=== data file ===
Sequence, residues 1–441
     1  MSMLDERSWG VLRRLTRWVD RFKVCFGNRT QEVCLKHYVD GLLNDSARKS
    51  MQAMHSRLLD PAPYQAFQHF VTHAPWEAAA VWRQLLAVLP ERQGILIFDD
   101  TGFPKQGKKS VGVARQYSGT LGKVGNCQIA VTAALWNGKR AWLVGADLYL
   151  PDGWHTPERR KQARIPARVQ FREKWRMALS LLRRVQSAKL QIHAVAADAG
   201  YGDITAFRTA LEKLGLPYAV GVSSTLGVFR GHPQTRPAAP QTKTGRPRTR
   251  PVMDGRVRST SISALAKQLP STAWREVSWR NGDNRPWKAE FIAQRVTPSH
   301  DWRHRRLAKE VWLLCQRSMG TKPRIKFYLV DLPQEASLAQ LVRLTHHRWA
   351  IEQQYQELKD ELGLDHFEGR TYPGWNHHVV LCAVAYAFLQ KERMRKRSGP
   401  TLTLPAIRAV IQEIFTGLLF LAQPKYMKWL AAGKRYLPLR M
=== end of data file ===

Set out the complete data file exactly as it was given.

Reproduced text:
Sequence, residues 1–441
     1  MSMLDERSWG VLRRLTRWVD RFKVCFGNRT QEVCLKHYVD GLLNDSARKS
    51  MQAMHSRLLD PAPYQAFQHF VTHAPWEAAA VWRQLLAVLP ERQGILIFDD
   101  TGFPKQGKKS VGVARQYSGT LGKVGNCQIA VTAALWNGKR AWLVGADLYL
   151  PDGWHTPERR KQARIPARVQ FREKWRMALS LLRRVQSAKL QIHAVAADAG
   201  YGDITAFRTA LEKLGLPYAV GVSSTLGVFR GHPQTRPAAP QTKTGRPRTR
   251  PVMDGRVRST SISALAKQLP STAWREVSWR NGDNRPWKAE FIAQRVTPSH
   301  DWRHRRLAKE VWLLCQRSMG TKPRIKFYLV DLPQEASLAQ LVRLTHHRWA
   351  IEQQYQELKD ELGLDHFEGR TYPGWNHHVV LCAVAYAFLQ KERMRKRSGP
   401  TLTLPAIRAV IQEIFTGLLF LAQPKYMKWL AAGKRYLPLR M